An American Editor

November 25, 2013

Business of Editing: Does an Editor Matter?

It isn’t too often that the worth of a good editor is hinted at by a reviewer, but when it happens, it stands out.

In “The Surprising Empress” (The New York Review of Books, December 5, 2013, pp. 18-20), Jonathan Mirsky reviewed Empress Dowager Cixi: The Concubine Who Launched Modern China by Jung Chang. I have always been fascinated by Chinese history, so the article caught my attention (I subscribe to the print edition of the NYRB and read the articles in print, not online). This looked like a book I would add to my future list of books to buy in hardcover, until…

Yes, the until raises its “ugly head” in this quote from the article (p. 20):

I have one small and two serious criticisms of Chang’s usually impressive biography. She occasionally lapses into slang or uses the wrong word. A woman “sashays” into a room, British merchants “showcase” a railway, a “roller-coaster of events” is said to have disturbed the emperor, and a concubine is described as a former “high-class call-girl.” “Winsome” is only one of the words misused.

Mirsky goes on to write:

More serious is the matter of sources.…Chang has drawn on the “colossal documentary pool” of twelve million documents in the First Historical Archives of China, which have to do with the reign of Cixi.

It would be useful to say something about these documents and how they are organized,…[R]eaders would like to know why she has chosen this or that source. I liked this biography, but have been troubled as a reviewer because the sources are not easy to check.

What Mirsky complains about are editorial failings. The publisher, Knopf, may or may not have hired a professional editor. Based on the first complaint of wrong words and slang, I wonder if Knopf did hire a professional editor familiar with American language usage (the market/target audience, at least for the reviewed version, is Americans) to copyedit the book. The second complaint, about the sources, makes me wonder if the book had undergone any professional developmental editing.

Or did Knopf take the easy path and simply hire the least-expensive editor it could find and let the author do as she pleased?

Basically, the review, which was written by Jonathan Mirsky, a well-known historian of China who was formerly the East Asia Editor of The Times of London, is complimentary because the book corrects 100 years of misinformation about Cixi’s reign. But for me, who is not a well-versed historian of China and who cannot read between the lines to determine that Chang’s book is a respectable addition to the repertoire, Mirsky damns the book by his quoted comments. I see, instead of a great addition to the history of China literature, a book that is questionable.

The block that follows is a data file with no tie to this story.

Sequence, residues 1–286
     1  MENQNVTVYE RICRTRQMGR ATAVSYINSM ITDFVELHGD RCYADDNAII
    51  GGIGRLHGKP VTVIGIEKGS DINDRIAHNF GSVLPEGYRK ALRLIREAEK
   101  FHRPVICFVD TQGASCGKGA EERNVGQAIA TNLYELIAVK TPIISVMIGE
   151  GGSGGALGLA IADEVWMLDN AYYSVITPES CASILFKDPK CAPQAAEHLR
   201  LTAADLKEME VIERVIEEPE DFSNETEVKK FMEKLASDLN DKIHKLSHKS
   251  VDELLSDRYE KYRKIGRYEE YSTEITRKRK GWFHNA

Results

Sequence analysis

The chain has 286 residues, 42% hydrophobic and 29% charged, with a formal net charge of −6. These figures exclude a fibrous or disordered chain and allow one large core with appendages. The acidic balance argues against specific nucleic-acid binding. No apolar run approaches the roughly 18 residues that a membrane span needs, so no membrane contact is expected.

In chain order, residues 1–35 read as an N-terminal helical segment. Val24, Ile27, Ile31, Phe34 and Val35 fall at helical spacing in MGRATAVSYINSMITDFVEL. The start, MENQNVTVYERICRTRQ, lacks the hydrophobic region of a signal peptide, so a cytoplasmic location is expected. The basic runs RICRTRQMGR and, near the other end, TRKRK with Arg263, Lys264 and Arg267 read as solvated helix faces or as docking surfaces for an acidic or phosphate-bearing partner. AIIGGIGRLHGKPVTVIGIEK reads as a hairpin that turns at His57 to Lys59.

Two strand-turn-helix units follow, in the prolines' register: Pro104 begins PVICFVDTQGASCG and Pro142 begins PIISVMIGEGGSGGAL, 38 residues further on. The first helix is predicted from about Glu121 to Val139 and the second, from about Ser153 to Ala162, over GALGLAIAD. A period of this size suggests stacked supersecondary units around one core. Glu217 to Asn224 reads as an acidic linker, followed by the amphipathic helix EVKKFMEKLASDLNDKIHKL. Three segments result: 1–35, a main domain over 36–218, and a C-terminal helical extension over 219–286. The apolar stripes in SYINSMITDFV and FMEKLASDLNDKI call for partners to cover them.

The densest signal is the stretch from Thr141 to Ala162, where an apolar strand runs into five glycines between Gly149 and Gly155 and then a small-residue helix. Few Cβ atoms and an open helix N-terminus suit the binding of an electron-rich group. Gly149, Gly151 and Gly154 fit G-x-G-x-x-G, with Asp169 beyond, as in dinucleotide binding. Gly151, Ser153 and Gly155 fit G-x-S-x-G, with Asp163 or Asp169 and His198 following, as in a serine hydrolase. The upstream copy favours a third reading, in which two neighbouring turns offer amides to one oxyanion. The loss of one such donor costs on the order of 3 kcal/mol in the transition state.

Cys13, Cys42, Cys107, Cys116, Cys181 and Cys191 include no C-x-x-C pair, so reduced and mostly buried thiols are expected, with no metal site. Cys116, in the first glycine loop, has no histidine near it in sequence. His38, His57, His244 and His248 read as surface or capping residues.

It is questionable not only because of the use of slang and wrong/inappropriate word choices, but because the sources are not verifiable or accessible. The message I receive is that neither the publisher Knopf nor the author Chang cared enough about either the book or the reader to ensure accuracy and provability. When I edit a book and see sources that cannot be accessed or identified as dominating the references, I tell the author that it reflects badly on the substance of the material. As a reader, how can I be certain that the same indifference was not given to the text?

In Chang’s case, the problem goes a bit deeper. When I am editing a book, I at least know it is being professionally edited. Granted, a consumer wouldn’t know, and if the author doesn’t follow my advice and correct the references or change incorrect word choices, the book would appear to the consumer as Chang’s book appears to me — unedited.

Editors do matter. The choice of editor does matter. The type of editing does matter. A good working relationship between author and editor does matter. And it is vitally important that an author not believe that each word he or she has written is sacrosanct and cannot be changed for the better. I’m sorry to say that in my career I have encountered several authors who wrongly believed that what they had written was already perfect and that my role as editor was simply to make sure there were no typographical errors.

There is a dual failure in Chang’s book. The first failure is that of the publisher. The publisher clearly should have had Chang’s book developmentally edited by a professional editor who has mastery over American language and usage. I would like to think that the sources problem would not have passed by such an editor. The publisher should have followed up the developmental editing with copyediting, again done by a professional editor with mastery of American language and usage. Many of the wrong word choice and slang problems might (would) have been avoided.